A question via Twitter, from @ConcernedMom9:
"Any thoughts on this article: '3 Ways to Improve Your Breath Control?'"
Thank you for your question! Here are some thoughts from Dr. Rhonda Milner.
In response to Nick Folker's article in Swim Swam on ways to improve breath-holding, I am excited to see the swim community recognizing the real risk of Shallow Water Blackout to swimmers, especially competitive swimmers with this waring:
*Note: swimming as a sport is becoming increasingly aware of the risks of shallow water blackout. Never practice any sort of breath-holding sets alone, and be aware of the risks of hyperventilation and breath-holding before undertaking any sets of this nature. While the risks of 25-yard underwater swimming are generally fairly low for competitive swimmers, those risks do still exist, and risks exist with any and all forms of strenuous activity. See more about the risks of “hypoxic training” on page 26 of the USA Swimming Safety/Loss Control Manual.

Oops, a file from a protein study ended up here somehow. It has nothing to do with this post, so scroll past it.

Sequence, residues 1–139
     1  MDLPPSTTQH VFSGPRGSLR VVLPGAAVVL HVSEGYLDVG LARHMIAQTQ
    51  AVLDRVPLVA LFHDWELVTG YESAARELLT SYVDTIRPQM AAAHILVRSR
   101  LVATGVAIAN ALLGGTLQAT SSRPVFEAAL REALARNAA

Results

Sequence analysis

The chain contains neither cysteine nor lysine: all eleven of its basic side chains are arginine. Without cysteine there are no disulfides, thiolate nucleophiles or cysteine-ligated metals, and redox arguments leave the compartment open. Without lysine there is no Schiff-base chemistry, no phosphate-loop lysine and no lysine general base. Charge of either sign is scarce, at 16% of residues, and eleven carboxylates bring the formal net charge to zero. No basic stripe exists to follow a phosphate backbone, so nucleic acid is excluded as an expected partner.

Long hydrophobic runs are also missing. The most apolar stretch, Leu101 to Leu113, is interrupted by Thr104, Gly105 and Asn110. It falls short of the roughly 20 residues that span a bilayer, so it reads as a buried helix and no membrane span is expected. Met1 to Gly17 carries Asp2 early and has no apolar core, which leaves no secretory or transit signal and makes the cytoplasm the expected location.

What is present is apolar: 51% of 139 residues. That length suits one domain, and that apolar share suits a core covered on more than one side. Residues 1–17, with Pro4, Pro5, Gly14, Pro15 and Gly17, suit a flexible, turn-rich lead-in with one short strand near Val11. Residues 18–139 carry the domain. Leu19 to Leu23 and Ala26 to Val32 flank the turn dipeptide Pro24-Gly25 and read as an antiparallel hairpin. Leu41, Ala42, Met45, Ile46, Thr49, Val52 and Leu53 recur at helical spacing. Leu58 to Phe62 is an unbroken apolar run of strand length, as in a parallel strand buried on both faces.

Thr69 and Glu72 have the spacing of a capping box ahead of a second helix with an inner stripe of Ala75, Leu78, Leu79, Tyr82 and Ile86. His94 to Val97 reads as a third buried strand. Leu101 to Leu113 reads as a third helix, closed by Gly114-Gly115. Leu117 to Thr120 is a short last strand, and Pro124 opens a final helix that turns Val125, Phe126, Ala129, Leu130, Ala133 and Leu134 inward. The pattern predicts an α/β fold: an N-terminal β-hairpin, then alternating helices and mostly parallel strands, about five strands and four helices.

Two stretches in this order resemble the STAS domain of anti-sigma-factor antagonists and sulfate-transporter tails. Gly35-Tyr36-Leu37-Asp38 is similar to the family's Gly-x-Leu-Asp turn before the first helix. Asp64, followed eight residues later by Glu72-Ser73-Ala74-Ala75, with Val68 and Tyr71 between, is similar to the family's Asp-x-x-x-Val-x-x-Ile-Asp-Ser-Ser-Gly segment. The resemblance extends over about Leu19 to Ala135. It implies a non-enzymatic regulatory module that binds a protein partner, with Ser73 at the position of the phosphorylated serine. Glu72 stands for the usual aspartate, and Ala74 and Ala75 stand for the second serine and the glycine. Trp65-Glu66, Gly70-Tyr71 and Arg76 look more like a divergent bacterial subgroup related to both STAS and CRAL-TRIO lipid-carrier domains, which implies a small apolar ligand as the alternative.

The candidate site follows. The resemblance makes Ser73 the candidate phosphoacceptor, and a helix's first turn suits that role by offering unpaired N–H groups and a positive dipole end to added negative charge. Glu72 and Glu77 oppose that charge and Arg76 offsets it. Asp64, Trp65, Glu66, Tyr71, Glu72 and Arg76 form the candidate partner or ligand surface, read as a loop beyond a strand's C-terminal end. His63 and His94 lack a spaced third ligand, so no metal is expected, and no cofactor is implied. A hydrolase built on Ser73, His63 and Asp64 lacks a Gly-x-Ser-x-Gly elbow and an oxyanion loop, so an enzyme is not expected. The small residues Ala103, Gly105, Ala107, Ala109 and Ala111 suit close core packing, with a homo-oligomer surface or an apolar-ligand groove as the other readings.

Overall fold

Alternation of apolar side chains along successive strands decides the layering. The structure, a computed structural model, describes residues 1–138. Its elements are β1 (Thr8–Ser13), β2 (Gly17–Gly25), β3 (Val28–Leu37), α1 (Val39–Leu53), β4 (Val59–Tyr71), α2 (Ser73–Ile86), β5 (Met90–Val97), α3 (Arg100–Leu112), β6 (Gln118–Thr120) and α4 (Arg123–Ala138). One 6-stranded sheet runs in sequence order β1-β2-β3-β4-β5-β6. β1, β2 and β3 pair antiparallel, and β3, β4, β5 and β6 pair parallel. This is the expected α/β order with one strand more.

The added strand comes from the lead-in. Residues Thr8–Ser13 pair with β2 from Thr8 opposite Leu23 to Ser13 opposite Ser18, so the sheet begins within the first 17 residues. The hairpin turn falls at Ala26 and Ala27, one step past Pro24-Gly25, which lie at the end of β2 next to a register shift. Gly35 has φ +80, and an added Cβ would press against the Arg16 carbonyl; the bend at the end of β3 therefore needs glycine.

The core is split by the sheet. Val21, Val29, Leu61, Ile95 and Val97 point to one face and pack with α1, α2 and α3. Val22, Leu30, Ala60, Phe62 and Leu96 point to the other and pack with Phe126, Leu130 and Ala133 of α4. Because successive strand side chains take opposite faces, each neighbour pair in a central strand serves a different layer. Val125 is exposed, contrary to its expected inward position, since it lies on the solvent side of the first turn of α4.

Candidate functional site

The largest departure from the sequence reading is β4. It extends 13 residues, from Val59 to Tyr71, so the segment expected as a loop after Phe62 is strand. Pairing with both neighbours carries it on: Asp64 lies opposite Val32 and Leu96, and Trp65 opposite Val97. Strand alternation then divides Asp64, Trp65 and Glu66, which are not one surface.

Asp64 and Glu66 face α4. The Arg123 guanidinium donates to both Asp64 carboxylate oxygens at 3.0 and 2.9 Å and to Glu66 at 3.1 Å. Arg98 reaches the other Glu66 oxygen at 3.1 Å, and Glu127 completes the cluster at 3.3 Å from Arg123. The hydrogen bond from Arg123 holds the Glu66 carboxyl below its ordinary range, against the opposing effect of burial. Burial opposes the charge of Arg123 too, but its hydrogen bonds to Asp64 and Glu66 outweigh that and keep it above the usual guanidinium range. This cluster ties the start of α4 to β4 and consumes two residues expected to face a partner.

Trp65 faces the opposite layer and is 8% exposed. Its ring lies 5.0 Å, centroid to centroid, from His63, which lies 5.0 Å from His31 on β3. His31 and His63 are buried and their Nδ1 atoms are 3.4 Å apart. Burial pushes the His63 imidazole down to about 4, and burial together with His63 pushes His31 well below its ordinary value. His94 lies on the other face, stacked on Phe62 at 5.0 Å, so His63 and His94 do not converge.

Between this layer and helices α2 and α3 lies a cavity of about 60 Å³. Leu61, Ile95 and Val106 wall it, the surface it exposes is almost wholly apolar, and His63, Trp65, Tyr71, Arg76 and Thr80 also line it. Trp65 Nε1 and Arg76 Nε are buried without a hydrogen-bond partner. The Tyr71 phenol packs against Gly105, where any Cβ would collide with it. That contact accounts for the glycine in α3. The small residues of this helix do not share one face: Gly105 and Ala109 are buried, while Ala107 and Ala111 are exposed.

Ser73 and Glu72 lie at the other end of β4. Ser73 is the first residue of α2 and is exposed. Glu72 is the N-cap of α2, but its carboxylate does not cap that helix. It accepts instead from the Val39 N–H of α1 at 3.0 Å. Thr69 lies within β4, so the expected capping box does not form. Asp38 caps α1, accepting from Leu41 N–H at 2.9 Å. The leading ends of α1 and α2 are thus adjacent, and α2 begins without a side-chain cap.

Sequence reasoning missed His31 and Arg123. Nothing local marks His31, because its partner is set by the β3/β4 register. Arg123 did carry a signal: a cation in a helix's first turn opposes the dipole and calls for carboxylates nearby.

But, can hypoxic training ever be completely safe except for on dry land? Is safe hypoxic training an oxymoron? However, with safety guidelines it can be as safe as possible, but not 100%. Here are a few quick bullet points to remember that will help prevent SWB. --Never hyperventilate (can still have SWB without intentional hyperventilation) --Never ignore urge to breathe --Never swim alone --Breath-holding is not a game and is dangerous --If you Breath-hold, don't think the lifeguards will save you BC difficult to detect --Lastly, if you breath-hold--the Rule: one lap, one time, one breath, But if you have a genetic trigger you still can drown. **the most dangerous situation is repetitive, competitive, prolonged breath-holding laps with little rest in between **Breath control is needed to learn to swim and swim fast, but must be supervised and the urge to breathe must never be ignored. Please swim safely and have fun!! Thank you, Rhonda Milner, MD Founder and Chairman of Shallow Water Blackout Prevention